LOS ANGELES — Whether the item was a $795 gold-quilted Cammi handbag or $850 ostrich flats, price was no object for customers at the new Marc Jacobs door in Las Vegas on Thanksgiving weekend.
“They just buy what they like, like that,” Marc Jacobs president Robert Duffy said of costumers at the company’s 1,100-square-foot collections store in The Forum Shops at Caesars, which opened Friday. “The traffic that goes by here is unlike anything I’ve ever seen.”
Duffy said the newest location — next to Harry Winston, a space formerly occupied by Luca Luca — surpassed sales numbers at Marc Jacobs stores in Boston, Bal Harbour and San Francisco. He declined to provide specifics.
However, Duffy’s expectations ran higher than for other doors. “I know the Forum Shops volume is huge,” he said.
The Forum Shops average sales of $1,433 a square foot, the highest in the U.S. Almost 36 million tourists visit Las Vegas annually.
Even with those numbers, Duffy, who projected this store could do $4 million in sales annually or better, admitted that Sin City wasn’t high on his list for a Marc Jacobs address.
“We resisted coming to Las Vegas,” he said. “I don’t like malls. I don’t get them. But here we have our own windows on the outside looking out on the Strip, so I didn’t feel like I was in the mall.”
Leading up to the opening, Duffy observed Vegas is “definitely a different clientele.”
That was obvious in a retail center that closes at 11 p.m. “It’s the weirdest thing to see people walking around with their to-go cocktails, just walking into Chanel,” Duffy said.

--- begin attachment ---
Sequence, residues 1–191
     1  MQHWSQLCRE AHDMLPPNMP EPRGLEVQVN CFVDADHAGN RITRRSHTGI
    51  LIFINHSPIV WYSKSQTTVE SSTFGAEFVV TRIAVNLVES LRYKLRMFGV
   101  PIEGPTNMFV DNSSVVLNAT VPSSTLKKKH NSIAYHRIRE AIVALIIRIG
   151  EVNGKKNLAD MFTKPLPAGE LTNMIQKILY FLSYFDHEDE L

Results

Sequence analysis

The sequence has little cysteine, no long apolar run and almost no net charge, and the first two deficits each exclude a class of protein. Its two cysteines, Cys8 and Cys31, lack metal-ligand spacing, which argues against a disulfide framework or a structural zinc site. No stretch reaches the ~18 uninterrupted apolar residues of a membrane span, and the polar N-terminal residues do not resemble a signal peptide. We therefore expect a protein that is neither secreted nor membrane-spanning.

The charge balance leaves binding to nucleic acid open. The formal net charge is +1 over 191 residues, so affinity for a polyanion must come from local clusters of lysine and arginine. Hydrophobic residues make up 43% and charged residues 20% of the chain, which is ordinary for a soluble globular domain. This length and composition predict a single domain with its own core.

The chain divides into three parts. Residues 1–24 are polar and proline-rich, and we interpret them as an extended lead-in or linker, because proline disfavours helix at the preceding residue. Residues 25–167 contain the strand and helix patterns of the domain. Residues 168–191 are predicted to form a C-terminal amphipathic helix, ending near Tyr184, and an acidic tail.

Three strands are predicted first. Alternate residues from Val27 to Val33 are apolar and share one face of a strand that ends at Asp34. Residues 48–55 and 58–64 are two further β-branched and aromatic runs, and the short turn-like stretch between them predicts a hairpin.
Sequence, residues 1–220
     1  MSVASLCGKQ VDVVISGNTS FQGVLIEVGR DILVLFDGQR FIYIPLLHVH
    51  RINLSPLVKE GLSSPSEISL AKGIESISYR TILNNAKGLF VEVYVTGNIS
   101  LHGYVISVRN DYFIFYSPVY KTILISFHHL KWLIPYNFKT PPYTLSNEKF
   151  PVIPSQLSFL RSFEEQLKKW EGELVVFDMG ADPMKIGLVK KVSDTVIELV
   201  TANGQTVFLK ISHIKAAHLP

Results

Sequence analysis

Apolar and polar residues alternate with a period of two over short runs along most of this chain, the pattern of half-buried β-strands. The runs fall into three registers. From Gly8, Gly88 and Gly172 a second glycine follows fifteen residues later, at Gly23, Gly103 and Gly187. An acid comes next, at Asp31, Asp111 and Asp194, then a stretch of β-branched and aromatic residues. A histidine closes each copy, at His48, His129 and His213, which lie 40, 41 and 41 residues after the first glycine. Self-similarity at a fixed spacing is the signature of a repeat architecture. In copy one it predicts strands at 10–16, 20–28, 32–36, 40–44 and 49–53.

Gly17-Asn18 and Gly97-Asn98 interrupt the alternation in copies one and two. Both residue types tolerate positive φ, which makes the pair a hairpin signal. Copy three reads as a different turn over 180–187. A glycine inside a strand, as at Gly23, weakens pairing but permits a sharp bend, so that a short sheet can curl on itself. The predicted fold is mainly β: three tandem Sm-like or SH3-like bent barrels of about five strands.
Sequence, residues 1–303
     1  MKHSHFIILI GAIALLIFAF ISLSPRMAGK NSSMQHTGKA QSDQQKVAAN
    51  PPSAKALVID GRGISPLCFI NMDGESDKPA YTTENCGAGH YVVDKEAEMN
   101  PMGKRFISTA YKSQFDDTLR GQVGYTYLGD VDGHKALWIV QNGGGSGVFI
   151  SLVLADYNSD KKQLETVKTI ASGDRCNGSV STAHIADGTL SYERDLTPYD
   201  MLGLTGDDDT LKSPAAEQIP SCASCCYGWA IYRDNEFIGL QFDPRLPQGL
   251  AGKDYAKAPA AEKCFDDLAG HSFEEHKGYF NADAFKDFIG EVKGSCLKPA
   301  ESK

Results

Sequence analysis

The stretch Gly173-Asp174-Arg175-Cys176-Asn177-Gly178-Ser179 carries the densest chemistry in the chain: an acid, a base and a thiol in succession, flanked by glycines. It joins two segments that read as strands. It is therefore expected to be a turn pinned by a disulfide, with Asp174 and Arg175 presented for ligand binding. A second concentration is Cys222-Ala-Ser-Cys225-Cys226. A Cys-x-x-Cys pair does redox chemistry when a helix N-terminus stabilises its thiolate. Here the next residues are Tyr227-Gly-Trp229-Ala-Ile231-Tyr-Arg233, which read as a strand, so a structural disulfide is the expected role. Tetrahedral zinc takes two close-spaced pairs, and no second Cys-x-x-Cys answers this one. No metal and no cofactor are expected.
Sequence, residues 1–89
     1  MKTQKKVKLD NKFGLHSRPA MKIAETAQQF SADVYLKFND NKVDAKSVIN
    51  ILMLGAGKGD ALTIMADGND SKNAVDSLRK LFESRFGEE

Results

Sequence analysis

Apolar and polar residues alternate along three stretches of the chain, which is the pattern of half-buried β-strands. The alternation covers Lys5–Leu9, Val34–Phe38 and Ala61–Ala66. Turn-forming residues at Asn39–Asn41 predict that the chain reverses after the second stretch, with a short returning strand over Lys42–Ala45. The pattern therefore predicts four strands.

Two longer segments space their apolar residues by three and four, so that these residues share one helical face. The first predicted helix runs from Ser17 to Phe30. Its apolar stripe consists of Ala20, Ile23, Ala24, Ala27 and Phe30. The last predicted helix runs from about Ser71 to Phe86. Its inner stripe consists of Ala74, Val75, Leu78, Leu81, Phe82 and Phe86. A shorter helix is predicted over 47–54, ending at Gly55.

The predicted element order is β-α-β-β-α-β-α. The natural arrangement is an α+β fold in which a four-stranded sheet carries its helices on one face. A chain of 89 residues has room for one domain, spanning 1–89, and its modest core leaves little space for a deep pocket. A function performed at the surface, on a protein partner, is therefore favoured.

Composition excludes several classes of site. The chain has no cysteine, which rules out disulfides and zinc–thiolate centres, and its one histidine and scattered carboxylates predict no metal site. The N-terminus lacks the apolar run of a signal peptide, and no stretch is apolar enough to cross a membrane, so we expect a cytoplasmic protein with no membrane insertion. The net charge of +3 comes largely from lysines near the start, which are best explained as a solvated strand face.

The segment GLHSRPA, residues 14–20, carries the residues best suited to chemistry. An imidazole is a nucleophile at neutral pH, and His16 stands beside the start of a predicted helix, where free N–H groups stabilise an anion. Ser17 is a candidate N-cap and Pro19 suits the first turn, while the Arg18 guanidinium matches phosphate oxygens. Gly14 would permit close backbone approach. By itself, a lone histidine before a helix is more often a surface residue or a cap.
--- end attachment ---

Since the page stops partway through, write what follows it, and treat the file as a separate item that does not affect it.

But location dictates merchandise offerings, and Duffy and his team immediately realized where to make adjustments.
Much of the product skewed for the Los Angeles client base —”more gowns, more high heels and more body-conscious looks — could translate here.”
Lighter-weight clothing, particularly resort, is also more at home in Vegas.
Nor will the store contain women’s product only, as originally planned.
During training sessions with the staff four days before opening, Duffy allowed a couple entrance, and the husband convinced Duffy to stock at least some men’s product. What arrived in time for the opening flew out: men’s shoes, thermal cashmere sweaters and other items accounted for 50 percent of weekend sales.
“That was the big surprise,” said Duffy, adding they are rethinking the approach to men’s in an already limited space. Opening another door dedicated to men’s wouldn’t be out of the question.
The same goes, Duffy noted, for a Marc by Marc Jacobs store in the gambling — and shopping — mecca.
The opening is just the latest brand expansion in the West.
This month in Los Angeles, the company added a third door to its Melrose Place campus, this one housing the men’s collection. It’s the first freestanding men’s store in the company’s retail stable.
Across from the main store, the 1,000-square-foot men’s shop occupies a space that originally served as a salon for studio services and VIP clients.
“It got to be where we couldn’t show the whole men’s collection the way it should be shown and it suffered,” said Duffy. “But the men’s business doubled since we opened. The whole collection is out — underwear, accessories, shoes. They had been there before [in the main shop] but you couldn’t see them as well.”
In March, the designer will have a second San Francisco address when a Marc by Marc Jacobs door opens on Fillmore Street, with about 2,000 square feet of selling floor. “The West Coast has been great business for us,” added Duffy.